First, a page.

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"No one touches my woman. She bears my mark. I claim her."***
Dangerous warrior Ivar Gunnarson is a man of deeds, not words. With little time for the ideals of love, Ivar seizes what he wants--and Princess Thyre will not become the exception to his rule!
Mysterious and enchanting, Thyre rouses Ivar's desire the moment he lays eyes on her. With Viking factions engaged in a bloody feud, Thyre is yet another captive this hardened warrior conquers--but to be king of Thyre's heart will entail a battle he has never engaged in before...
When Viking warriors come calling, Thyre knows exactly what to do and how to treat them. Only has she made a fatal mistake this time?
'We greet the Viken with the respect any man should show his neighbour,' Ragnfast pronounced, using the words Thyre had agreed with him as the household stood on the shoreline waiting, watching the dragon boat draw slowly closer.
The shields still hung on the side of the Viken dragon boat, indicating that its occupants travelled in peace, for the moment. Peace was a fragile thing where Viken warriors were concerned. The tales the jaarl, Sigmund Sigmundson, had told about Viken treachery the last time he visited made her blood run cold.
'The rules of hospitality are very clear in the North and we shall keep them, just as we have always done.'
Thyre heaved a sigh of relief.
After the initial explosion of incredulity, Ragnfast had agreed to her plans. All the gold and silver, and furs were hidden; tapestries had been taken down and stored. The majority of the livestock remained on the summer pasture, so it was possible that the Viken would feel theirs was a poor farm, rather than a prosperous estate. Thyre remembered the ruse working once before, when she was a little girl and Dagmar was little more than a babe in arms. Then the Viken came and her mother had dealt with them, sending Dagmar and Thyre to the hiding place in the woods.
'But King Mysing decreed all Viken ships are fair plunder...or so the jaarl Sigmund proclaimed the last time he was here.' cried a voice at the back. 'What have the Viken ever done for us except burn our lands and take our wives?'
Thyre kept her back resolutely straight. She did not need to see Ragnfast's face to know how he'd react. He disliked the young jaarl and his ideas about how to solve the problem of the Viken plundering their coastline. He had even rejected her suggestion of lighting the bonfire to alert Sigmund to their potential danger.
'Sigmund and his cronies may have broken frithe with the Viken King Thorkell, but I haven't,' Ragnfast thundered. 'I remember the days, the days of our old king, King Mysing's father, when Ranrike prospered and the markets overflowed with goods. Ships sailed to Ranhiem rather than to Birka or Kaupang. Now it is all bloodshed and plunder. My taste for bloodshed vanished a lifetime ago.'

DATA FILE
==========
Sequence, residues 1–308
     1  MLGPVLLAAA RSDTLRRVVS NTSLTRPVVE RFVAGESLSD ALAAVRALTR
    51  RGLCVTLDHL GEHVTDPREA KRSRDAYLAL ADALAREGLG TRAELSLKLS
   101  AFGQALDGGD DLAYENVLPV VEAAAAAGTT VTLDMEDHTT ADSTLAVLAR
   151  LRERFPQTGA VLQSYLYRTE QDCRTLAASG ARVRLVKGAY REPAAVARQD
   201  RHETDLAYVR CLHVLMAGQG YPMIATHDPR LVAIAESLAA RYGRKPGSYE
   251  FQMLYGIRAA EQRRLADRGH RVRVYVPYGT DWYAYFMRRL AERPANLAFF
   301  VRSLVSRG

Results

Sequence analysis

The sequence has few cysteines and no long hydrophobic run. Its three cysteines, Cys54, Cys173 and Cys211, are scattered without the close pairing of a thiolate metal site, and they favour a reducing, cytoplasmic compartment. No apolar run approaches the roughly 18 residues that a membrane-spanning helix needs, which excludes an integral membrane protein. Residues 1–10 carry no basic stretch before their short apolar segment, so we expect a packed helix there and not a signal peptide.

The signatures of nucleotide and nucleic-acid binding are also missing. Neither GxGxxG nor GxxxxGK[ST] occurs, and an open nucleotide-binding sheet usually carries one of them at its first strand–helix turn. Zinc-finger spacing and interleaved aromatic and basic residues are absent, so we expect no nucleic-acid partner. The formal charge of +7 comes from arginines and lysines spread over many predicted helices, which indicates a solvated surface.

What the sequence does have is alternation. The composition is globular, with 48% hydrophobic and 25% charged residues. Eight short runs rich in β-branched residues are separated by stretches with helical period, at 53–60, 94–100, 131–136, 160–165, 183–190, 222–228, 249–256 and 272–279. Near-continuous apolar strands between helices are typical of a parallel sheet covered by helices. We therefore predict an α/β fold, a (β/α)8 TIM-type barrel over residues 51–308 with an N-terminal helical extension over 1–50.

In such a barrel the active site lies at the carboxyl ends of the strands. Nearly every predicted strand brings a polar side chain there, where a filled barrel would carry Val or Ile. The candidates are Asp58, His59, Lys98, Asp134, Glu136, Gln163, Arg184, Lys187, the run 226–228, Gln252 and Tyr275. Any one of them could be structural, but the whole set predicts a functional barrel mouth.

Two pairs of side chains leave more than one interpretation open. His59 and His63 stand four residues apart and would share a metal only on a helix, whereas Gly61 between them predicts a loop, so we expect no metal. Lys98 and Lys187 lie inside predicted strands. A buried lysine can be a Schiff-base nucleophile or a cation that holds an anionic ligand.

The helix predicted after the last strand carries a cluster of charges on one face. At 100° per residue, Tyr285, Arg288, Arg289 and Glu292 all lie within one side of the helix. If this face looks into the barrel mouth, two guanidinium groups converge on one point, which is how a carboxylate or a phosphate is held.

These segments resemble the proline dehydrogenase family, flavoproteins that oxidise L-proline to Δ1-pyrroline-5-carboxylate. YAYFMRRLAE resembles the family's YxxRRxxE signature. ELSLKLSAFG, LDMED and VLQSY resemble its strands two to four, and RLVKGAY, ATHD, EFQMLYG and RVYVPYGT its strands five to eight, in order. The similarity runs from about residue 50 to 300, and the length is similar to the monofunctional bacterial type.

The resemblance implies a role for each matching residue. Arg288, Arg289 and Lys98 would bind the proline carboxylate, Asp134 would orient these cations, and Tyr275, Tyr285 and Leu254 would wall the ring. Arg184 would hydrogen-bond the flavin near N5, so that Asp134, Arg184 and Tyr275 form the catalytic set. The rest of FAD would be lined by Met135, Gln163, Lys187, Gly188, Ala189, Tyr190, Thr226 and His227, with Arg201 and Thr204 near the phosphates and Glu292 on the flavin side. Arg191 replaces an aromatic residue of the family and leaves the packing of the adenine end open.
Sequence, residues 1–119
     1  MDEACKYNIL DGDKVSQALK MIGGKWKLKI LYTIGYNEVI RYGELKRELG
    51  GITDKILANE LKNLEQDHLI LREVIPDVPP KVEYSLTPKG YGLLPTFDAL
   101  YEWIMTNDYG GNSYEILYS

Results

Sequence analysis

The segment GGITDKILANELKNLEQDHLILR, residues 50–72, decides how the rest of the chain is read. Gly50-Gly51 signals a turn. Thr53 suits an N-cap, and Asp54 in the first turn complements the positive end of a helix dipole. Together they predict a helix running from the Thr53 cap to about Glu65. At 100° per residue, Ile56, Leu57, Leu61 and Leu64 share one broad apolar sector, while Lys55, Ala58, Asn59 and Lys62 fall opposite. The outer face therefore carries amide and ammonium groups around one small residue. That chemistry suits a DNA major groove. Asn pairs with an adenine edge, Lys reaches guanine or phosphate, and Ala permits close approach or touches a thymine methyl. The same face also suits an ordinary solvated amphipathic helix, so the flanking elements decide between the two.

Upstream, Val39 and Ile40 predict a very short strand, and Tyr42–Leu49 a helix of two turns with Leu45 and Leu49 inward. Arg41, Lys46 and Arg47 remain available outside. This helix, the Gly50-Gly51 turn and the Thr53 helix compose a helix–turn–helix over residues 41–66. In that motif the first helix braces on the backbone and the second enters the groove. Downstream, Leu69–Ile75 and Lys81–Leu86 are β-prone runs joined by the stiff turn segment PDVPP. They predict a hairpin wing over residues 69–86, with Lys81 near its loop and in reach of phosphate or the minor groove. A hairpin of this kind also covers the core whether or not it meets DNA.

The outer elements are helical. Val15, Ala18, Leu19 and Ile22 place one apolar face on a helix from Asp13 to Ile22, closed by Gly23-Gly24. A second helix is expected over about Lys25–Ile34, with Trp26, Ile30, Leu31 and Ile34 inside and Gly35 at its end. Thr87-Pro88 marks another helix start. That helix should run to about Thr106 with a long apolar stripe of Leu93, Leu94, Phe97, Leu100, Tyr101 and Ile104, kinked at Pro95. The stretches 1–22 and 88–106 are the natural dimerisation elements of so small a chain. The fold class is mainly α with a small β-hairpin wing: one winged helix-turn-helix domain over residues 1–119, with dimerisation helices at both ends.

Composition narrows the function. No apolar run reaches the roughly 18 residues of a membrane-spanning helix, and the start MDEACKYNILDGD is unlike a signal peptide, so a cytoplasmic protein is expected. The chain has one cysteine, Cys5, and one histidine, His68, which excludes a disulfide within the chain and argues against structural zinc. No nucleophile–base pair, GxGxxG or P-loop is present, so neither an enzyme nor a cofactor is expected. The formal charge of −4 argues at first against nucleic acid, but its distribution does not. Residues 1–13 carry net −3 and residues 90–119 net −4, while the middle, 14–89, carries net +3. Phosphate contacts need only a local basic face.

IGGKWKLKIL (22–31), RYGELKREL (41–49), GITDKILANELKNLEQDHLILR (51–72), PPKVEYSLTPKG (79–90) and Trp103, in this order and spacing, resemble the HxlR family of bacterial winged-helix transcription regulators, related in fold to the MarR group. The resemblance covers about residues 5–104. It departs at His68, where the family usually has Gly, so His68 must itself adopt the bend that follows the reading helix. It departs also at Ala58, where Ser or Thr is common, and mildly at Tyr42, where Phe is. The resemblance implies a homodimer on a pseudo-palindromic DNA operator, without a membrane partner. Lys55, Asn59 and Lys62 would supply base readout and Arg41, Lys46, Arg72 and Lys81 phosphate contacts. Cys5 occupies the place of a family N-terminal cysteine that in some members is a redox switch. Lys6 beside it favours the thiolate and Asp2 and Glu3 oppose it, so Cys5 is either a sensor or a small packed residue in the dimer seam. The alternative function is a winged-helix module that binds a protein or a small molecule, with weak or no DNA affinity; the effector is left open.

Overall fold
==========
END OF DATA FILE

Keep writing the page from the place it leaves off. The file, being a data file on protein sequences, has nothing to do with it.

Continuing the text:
'Dagmar, are the horns of drink filled properly?' Thyre asked, seeking to draw Ragnfast back to the present difficulty. Dagmar held up her horn of ale. Thyre was pleased that Ragnfast listened to her suggestion of ale rather than mead. It was only one ship, not a fleet. The Viken would understand. He was not high enough status to warrant a better drink. 'The other women and I can follow Dagmar after the Viken captain has the first drink.'
'It is a good idea, Thyre, 'Ragnfast said. 'We do not have the men to provoke him. A soft word and a timely batter eye can do much as your mother used to say.'
'Thyre, that is your second-best apron-dress,' Dagmar whispered. 'And your face is far too solemn. What is there to worry about? Greeting warriors is supposed to be a happy occasion. We should honour them.'
'I have had more than enough swaggering boasts from Sigmund's warriors. I wonder if the Viken will be any different. All brawn and very little brain is my educated guess though.' Thyre pasted her smile firmly in place. She remembered her mother's stories of her time as a hostage in the Viken court and how the fights broke out at the least provocation.
What excuse would the Viken use to destroy this farm? And what they say if they knew who her natural father was? That her mother had disobeyed the time honoured custom and had not sent her to be killed by the Viken king and had instead prevailed on Ragnfast to accept her as a true Ranrike woman and member of his family.
'Thyre, I think I forgot to put the weaving frame away.' Dagmar's voice broke through her reverie. 'Do you think I should go back? That bit of cloth is nearly done and I was particularly proud of the raven pattern.'
'I already put it away.' Thyre struggled to keep the doors of her imagination closed. 'With so many warriors, it would have been in the way. You know how clumsy they are with their feet.'
'You are a love. You always know just what to do.' Dagmar patted Thyre's arm. 'Think positively. Who knows you may find a mate amongst the Viken. They are supposed to be wealthy.'
Mate, not husband. The words were unmistakable and ill-chosen. Thyre made her face into a bland mask. She was well aware of her options without Dagmar's thoughtless reminder. It was unlikely any warrior would make an offer for her. She had no family, no land, nothing to make a true warrior desire her for a wife.
She gave a wry smile. Ragnfast had held true to his promise and let her manage the estate, but she also knew he would not provide a dowry. She refused to be just anyone's concubine. Royal blood ran in her veins. She deserved better. Her mother would have approved of her decision to stay unwed rather than to marry beneath her. In her dreams, Thyre longed to find the one man who would cherish her in the way her mother had been cherished. Some day, she wanted to meet a man with whom she could exchange loving glances in the way Ragnfast and her mother had exchanged glances. In the end her mother had discovered love with a man who treated her as an equal, rather than as an accessory or a stepping stone to the throne of Ranrike. In order to marry her mother, Ragnfast had taken an oath of loyalty to King Mysing, vowing never to claim the throne in his wife's name nor to permit any of his children to make a claim.